2. [Kinetic theory and boundary conditions for flows of highly inelastic spheres: Application to gravity driven granular flows down bumpy inclines]. Quarterly progress report, April 1, 1992--June 30, 1992

    SciTech Connect

    Richman, M.W.

    1992-12-01

    In this quarter, we extended our study of the effects of isotropic boundary vibrations to steady, gravity driven, inclined granular flows. These flows are more complex than those considered last quarter because of the presence of slip and mean velocity gradients at the boundary. Consequently, it was first necessary to modify the boundary conditions derived by Richman (1992) to account for corrections to the flow particle velocity distribution function from velocity gradients. In what follows we only summarize the results obtained.

  3. Brownian relaxation of an inelastic sphere in air

    NASA Astrophysics Data System (ADS)

    Bird, G. A.

    2016-06-01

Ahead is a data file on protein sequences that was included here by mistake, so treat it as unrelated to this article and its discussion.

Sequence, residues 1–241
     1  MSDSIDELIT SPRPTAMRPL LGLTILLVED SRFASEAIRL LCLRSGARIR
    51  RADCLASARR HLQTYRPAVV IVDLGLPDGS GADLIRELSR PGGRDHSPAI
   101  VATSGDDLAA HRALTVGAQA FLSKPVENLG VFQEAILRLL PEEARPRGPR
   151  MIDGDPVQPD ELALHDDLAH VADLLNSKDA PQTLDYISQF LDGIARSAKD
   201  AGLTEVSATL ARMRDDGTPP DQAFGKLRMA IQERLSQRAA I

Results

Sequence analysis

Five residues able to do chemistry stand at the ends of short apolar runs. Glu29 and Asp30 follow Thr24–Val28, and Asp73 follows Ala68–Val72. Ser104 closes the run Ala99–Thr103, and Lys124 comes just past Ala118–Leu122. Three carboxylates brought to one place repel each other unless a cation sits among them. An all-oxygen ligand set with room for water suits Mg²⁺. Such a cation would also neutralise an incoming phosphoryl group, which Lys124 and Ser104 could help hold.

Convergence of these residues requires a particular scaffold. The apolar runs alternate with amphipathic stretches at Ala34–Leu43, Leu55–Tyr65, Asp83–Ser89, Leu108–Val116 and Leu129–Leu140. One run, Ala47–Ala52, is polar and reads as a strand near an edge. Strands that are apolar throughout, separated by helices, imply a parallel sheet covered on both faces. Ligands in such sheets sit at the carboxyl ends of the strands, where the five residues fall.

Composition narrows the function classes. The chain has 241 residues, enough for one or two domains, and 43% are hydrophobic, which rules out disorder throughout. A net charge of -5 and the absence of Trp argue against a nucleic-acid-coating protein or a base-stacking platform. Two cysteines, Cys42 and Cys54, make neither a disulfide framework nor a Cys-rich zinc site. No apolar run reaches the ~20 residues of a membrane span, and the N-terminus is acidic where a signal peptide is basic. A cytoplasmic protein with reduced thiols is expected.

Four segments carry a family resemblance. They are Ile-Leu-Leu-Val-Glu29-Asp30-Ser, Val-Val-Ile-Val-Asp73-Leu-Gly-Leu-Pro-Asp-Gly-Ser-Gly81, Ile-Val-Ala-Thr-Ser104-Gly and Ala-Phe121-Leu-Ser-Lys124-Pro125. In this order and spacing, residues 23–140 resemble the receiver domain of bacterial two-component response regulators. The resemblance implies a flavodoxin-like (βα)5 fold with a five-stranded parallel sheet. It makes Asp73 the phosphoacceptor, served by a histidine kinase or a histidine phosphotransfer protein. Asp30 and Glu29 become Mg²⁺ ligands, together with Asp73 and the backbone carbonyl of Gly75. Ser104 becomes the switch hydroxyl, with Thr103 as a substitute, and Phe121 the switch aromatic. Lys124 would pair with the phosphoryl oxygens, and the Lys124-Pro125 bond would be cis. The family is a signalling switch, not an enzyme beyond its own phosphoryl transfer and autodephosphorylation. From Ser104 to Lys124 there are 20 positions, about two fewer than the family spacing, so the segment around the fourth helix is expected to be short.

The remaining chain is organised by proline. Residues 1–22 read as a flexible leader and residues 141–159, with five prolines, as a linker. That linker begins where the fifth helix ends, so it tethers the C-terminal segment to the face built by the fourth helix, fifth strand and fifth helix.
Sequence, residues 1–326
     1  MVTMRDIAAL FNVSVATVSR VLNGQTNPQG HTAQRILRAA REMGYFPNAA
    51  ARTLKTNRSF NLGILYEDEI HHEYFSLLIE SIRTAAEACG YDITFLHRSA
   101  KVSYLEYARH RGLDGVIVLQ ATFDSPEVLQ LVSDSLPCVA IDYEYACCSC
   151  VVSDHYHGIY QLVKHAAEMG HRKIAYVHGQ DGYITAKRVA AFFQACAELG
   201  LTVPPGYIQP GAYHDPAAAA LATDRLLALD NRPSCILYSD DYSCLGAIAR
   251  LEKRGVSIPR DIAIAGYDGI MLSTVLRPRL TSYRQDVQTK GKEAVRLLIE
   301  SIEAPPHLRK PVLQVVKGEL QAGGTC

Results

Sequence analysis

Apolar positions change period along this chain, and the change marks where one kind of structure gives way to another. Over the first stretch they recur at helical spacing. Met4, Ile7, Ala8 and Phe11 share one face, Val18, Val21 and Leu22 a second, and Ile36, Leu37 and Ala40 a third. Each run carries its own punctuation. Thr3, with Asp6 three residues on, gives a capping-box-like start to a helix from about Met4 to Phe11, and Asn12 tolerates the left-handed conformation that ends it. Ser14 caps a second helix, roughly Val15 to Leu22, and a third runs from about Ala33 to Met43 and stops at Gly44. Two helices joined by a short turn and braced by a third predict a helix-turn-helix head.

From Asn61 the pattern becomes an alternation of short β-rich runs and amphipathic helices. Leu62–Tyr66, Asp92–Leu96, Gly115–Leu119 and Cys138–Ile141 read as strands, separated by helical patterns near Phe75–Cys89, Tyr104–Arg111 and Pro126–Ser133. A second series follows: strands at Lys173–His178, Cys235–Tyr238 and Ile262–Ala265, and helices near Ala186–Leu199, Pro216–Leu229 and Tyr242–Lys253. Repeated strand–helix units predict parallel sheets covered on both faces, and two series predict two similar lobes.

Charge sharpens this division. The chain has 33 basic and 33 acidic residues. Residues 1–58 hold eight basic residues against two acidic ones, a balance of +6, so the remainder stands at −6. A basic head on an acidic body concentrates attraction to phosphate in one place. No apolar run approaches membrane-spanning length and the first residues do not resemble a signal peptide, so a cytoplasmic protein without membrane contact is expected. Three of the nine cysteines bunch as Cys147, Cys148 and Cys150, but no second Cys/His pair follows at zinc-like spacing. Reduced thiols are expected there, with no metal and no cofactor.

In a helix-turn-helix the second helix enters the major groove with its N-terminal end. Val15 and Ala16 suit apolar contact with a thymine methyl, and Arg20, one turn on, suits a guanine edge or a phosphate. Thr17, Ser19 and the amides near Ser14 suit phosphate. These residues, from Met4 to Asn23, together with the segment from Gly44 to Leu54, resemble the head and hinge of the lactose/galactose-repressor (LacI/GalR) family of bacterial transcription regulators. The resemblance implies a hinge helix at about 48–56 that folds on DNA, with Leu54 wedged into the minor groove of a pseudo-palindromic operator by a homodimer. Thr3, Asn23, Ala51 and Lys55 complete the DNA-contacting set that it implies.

The procedures that are used to calculate the forces and moments on an aerodynamic body in the rarefied gas of the upper atmosphere are applied to a small sphere of the size of an aerosol particle at sea level. While the gas-surface interaction model that provides accurate results for macroscopic bodies may not be appropriate for bodies that are comprised of only about a thousand atoms, it provides a limiting case that is more realistic than the elastic model. The paper concentrates on the transfer of energy from the air to an initially stationary sphere as it acquires Brownian motion. Individual particle trajectories vary wildly, but a clear relaxation process emerges from an ensemble average over tens of thousands of trajectories. The translational and rotational energies in equilibrium Brownian motion are determined. Empirical relationships are obtained for the mean translational and rotational relaxation times, the mean initial power input to the particle, the mean rates of energy transfer between the particle and air, and the diffusivity. These relationships are functions of the ratio of the particle mass to an average air molecule mass and the Knudsen number, which is the ratio of the mean free path in the air to the particle diameter. The ratio of the molecular radius to the particle radius also enters as a correction factor. The implications of Brownian relaxation for the second law of thermodynamics are discussed.